- People crying when celebrities die.

- Those weird sandals that are half boot and half sandal.

- The dream I had last night where I had a huge goiter on my face.

- Why people bother yelling from their balconies for drunk people to shut up. These drunks think they’re talking at a conversational level until you tell them to shut up. Basically you’re actively encouraging a louder volume of the yelling that they didn’t realize they were even doing.

- Fergie fans. The fact that they exist.

- Vampires that twinkle and the girls who love them.

- Vuvuzela enthusiasts.

- Crotchety bloggers that complain about everything, even when their team makes it into the final.

- Advanced physics.

- How expensive pop corn is at the movies.

- Paying to advertise a clothing company on your chest.

- How in some places pop is called coke so that if you say that you want coke they ask you what kind of coke. Sprite is coke, make sense?

- Why cookie monster had to stop eating cookies. How can he even be called cookie monster anymore?

Monday, July 12, 2010

Facing It
Yusuf Komunyakaa

My black face fades,
hiding inside the black granite.
I said I wouldn't,
dammit: No tears.
I'm stone. I'm flesh.
My clouded reflection eyes me
like a bird of prey, the profile of night
slanted against morning. I turn
this way—the stone lets me go.
I turn that way—I'm inside
the Vietnam Veterans Memorial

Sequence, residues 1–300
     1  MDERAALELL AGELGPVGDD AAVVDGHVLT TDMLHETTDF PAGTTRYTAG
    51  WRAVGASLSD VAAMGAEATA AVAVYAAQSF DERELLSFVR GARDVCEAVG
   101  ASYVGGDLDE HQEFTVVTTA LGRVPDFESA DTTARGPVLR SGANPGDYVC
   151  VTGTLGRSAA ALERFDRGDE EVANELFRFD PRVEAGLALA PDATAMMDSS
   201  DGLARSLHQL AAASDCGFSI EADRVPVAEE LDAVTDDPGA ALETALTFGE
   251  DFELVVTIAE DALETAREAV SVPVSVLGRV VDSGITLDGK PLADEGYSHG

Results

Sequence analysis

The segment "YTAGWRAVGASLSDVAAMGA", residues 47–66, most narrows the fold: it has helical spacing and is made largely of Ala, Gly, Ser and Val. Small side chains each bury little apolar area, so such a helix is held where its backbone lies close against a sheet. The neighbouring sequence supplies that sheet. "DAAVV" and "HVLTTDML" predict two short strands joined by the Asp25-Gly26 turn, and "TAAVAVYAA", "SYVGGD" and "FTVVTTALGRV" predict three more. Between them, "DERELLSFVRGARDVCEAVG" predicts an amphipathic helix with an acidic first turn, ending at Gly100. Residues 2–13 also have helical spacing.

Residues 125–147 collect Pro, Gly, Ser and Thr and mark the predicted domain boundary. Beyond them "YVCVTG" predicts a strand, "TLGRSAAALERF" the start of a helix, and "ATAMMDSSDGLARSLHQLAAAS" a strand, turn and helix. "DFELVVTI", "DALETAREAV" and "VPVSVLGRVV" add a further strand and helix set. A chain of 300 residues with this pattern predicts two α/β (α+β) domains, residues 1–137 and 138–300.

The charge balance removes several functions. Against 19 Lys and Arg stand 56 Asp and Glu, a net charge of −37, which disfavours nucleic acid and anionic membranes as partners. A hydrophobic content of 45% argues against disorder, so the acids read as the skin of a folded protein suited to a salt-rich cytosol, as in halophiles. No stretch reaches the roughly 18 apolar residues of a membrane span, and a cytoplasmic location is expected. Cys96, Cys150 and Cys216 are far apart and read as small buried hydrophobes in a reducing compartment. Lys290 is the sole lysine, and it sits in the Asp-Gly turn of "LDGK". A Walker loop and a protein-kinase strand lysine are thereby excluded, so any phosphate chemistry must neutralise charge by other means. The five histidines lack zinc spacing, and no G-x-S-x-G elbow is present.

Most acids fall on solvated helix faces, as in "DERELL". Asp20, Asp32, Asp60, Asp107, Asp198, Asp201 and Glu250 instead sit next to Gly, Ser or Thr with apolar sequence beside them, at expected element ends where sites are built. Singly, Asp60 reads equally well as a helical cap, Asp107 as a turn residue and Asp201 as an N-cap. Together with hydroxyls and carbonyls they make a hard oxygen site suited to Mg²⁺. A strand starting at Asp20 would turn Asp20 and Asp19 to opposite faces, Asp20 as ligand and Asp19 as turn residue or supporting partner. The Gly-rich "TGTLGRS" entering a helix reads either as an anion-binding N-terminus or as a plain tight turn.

again, depending on the light
to make a difference.
I go down the 58,022,
half-expecting to find
my own in letters like smoke.
I touch the name Andrew Johnson;
I see the booby trap's white flash.
Names shimmer on a woman's blouse
but when she walks away
the names stay on the wall.
Brushstrokes flash, a red bird's
wings cutting across my stare.
The sky. A plane in the sky.
A white vet's image floats
closer to me, then his pale eyes
look through mine. I'm a window.
He's lost his right arm
inside the stone. In the black mirror
a woman’s trying to erase names:
No, she's brushing a boy's hair.
World Cup Final Reflections

I was disappointed in the way the Netherlands played the final yesterday. Don’t get me wrong, there were flashes of brilliance by the talented Oranje. Nevertheless the free-flowing Total Football was showcased not by the Dutch, but by the Kruyff-influenced Spanish side. The Dutch seemed intent on fouling their way to a World Cup victory, with the Spaniards content to take advantage of this aggressive intensity to rival Robben and the great Ronaldo for theatrical diving.

I think the Netherlands had the capacity to play a smoother more beautiful game of soccer, but they cared more about winning by any means necessary than by wowing the world with their undeniable talent. This game will never be sold to new fans if the final is just a contest between mixed martial arts and community theatre. For me, the Dutch side that was eliminated in shoot-outs against Brazil in ’98 played a better brand of football. The Dutch side that shocked the world with their one-sided victories against France and Italy during last Eurocup is what I wanted to see this year. In South Africa, I never saw a full game of the beautiful free-flowing soccer that I have come to love and expect from this team. A team with such a rich legacy should have showed the world that they were made of better stuff than this.